Smiling at yourself
4 min read
Taking a Step Back
Have you ever been enrolled in a program where you have to complete tasks and milestones? Something like a course or a book you are reading? If you are like me that tends to get bored after some time, but still continues to finish whatever I am doing, you should agree that when you are about to finish, the idea of finishing is sweeter than when you eventually finish.
Last year I was enrolled in a google project management course, and when I started it was amazing, I went through the coursework, doing all the activities slowly to learn the best of everything.
As predicted, things got boring because I was balancing it with coding and med school. I would eventually abandon it for 2 days, and come back to power through and finish it since I even got the course as a scholarship.
In all those times of boredom and frustration and resolving to do at least one lesson a day when I was dead tired, the idea of finishing the course and getting the certificate was surreal.
I imagined the dozens of jobs that would line up for me on LinkedIn when I announced that I had learned the art of project management. My dopamine levels when I thought of the certificate landing in my e-mail were research-worthy.
"The day has come". 98% progress on the overall coursework and all I had to do was fill out a questionnaire and 20 minutes of video. After the certificate landed in my mail, and I posted it on LinkedIn, I felt intense joy for 15 seconds, after that, all that was left was the screeching sound of hollowness. All that four months of work, for an orgasmic 15 seconds?
Taking two steps back
I laugh anytime I think of that period, and after swearing to never do a course for the sake of the future, I learned something from it. We hardly remember the goals, but will almost always live in the memoirs of the journey.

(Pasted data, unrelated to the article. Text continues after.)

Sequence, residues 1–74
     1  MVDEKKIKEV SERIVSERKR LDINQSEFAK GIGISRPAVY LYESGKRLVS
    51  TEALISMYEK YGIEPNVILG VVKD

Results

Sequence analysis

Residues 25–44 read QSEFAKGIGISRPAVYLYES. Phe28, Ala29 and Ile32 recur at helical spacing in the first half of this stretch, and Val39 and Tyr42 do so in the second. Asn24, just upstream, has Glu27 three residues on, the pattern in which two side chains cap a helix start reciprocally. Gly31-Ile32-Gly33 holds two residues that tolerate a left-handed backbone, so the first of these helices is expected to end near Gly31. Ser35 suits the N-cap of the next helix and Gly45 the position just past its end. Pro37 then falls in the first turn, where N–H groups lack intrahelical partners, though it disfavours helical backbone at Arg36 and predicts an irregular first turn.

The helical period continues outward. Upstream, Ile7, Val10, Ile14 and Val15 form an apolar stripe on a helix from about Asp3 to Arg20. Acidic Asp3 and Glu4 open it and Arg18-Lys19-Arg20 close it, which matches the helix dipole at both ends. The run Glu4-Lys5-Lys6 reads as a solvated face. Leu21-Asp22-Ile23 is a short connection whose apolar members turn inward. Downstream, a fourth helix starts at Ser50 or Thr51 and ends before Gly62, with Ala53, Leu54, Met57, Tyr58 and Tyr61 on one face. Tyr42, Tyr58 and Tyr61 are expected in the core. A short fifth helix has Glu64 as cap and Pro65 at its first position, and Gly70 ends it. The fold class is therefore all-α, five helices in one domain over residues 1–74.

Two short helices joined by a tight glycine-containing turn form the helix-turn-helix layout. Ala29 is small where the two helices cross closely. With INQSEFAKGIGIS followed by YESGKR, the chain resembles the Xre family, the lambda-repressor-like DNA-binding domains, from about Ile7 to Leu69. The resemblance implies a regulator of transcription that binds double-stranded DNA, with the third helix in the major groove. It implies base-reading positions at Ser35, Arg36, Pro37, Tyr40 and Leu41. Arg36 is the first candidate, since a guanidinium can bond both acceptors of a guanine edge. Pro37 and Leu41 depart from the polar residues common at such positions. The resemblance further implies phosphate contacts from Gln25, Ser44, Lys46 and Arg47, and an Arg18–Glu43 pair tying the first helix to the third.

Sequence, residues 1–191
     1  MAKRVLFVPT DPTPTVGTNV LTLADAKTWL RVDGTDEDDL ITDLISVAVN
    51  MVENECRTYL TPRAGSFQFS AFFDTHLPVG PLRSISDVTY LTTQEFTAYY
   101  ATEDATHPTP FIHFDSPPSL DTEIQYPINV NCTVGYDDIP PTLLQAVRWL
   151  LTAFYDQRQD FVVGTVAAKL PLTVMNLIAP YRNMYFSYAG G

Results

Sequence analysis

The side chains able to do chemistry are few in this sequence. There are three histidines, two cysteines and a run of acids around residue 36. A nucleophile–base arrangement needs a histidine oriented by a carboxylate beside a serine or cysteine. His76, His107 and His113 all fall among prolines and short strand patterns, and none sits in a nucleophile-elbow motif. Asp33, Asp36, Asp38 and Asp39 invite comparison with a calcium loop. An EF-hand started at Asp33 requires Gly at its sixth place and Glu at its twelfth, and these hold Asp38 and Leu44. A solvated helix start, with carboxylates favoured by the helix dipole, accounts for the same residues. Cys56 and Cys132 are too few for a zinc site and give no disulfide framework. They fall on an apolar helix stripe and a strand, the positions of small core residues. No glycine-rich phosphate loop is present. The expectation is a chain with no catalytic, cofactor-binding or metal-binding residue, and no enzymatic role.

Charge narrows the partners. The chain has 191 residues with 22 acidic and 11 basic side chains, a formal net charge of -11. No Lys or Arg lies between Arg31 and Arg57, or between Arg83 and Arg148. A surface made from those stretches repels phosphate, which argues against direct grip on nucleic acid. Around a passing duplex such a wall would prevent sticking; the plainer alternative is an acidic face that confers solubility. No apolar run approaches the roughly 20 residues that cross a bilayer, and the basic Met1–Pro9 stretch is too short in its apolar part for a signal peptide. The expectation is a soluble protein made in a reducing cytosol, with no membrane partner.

I still miss writing those management letters and thinking I was a software consultant to a make-up agency used in the course.
That experience gives me joy, and even though I didn't have the wisdom to revel in the journey, I still find solace in thinking about it and other experiences.
We are a bag of experiences, but we hardly find time to reminisce about the good, bad, and awesome things that have happened to us.
We keep facing the next big thing and hating ourselves for our shortcomings without remembering that some time ago we were just directionless internet-addicted zombies with no goals. At least now, we have goals, and we are making strides to achieve them. Be grateful for yourself buddy! You are doing a good job.
Does it matter?
I need you to understand that you can always be "doing" a good job. But you might never "do" a good job. Well except you die or get depressed and shut out the world. You'll always be getting better, be it at work or at relationships.
And if you believe that we can create our own heavens here on earth, you should also believe that life in its unadulterated form is meaningless, except that we can breathe different meanings to our life. This is the beauty of creation.
Now enough of that philosophy. Apart from having stories to tell our grandkids, here are three reasons, we should normalize reflecting and documenting our victories and struggles.
We learn to tell stories and communicate better. Nothing endears people better than someone to relatable stories. If you want to live your best life, believe me, storytelling is key. Storytelling is complex, I can't give you tips on how to go about it because I'm as clueless as you are but I can tell you that if you learn to live experiences that you love, your life will become a diary to dream of.
Change happens by knowing what isn't working. I am forcing myself to reflect at the end of every day so I can know my challenges and how I got better. Reflection coupled with action leads to sustainable progression. You feeling the bars 😎?
You cultivate gratitude, which is the greatest anti-depressant I know of.
Reflection as an Action
To start reflecting, I would have to leave it to you to decide how you wish to do it, but if you still want some advice, take out a piece of paper right now and think of a very difficult goal that you achieved, then forget about the goal and rather think of the all the difficulties, highs, lows and lessons you learned.
Write it as if you are telling a story. Do this often, and soon enough you'll have an infinite amount of reasons to be grateful.
I'll leave you with a quote that sums up everything I've just said.
There are two things to aim at in life.
First, to get what you want, and after that to enjoy it. Only the wisest of mankind achieve the second.
-Logan Pearsall Smith